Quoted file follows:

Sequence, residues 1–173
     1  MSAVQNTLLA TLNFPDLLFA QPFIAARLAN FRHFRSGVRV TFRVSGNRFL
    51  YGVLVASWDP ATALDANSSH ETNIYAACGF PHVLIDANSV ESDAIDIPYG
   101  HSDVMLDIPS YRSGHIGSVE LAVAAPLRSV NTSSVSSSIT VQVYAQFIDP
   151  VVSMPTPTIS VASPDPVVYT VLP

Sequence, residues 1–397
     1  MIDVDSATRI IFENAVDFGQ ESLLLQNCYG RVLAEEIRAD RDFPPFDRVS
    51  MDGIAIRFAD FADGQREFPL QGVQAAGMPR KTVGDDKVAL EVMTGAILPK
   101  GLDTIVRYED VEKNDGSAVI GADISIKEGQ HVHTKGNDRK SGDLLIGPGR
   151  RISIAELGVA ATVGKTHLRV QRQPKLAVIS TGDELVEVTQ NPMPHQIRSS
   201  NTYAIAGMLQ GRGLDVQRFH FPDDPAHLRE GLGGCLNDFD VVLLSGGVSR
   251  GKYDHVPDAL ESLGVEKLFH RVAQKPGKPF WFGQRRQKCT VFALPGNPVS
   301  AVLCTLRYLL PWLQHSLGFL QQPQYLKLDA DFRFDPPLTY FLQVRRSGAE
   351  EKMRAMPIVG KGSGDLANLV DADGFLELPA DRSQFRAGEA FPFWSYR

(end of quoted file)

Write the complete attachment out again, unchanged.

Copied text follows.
Sequence, residues 1–173
     1  MSAVQNTLLA TLNFPDLLFA QPFIAARLAN FRHFRSGVRV TFRVSGNRFL
    51  YGVLVASWDP ATALDANSSH ETNIYAACGF PHVLIDANSV ESDAIDIPYG
   101  HSDVMLDIPS YRSGHIGSVE LAVAAPLRSV NTSSVSSSIT VQVYAQFIDP
   151  VVSMPTPTIS VASPDPVVYT VLP

Sequence, residues 1–397
     1  MIDVDSATRI IFENAVDFGQ ESLLLQNCYG RVLAEEIRAD RDFPPFDRVS
    51  MDGIAIRFAD FADGQREFPL QGVQAAGMPR KTVGDDKVAL EVMTGAILPK
   101  GLDTIVRYED VEKNDGSAVI GADISIKEGQ HVHTKGNDRK SGDLLIGPGR
   151  RISIAELGVA ATVGKTHLRV QRQPKLAVIS TGDELVEVTQ NPMPHQIRSS
   201  NTYAIAGMLQ GRGLDVQRFH FPDDPAHLRE GLGGCLNDFD VVLLSGGVSR
   251  GKYDHVPDAL ESLGVEKLFH RVAQKPGKPF WFGQRRQKCT VFALPGNPVS
   301  AVLCTLRYLL PWLQHSLGFL QQPQYLKLDA DFRFDPPLTY FLQVRRSGAE
   351  EKMRAMPIVG KGSGDLANLV DADGFLELPA DRSQFRAGEA FPFWSYR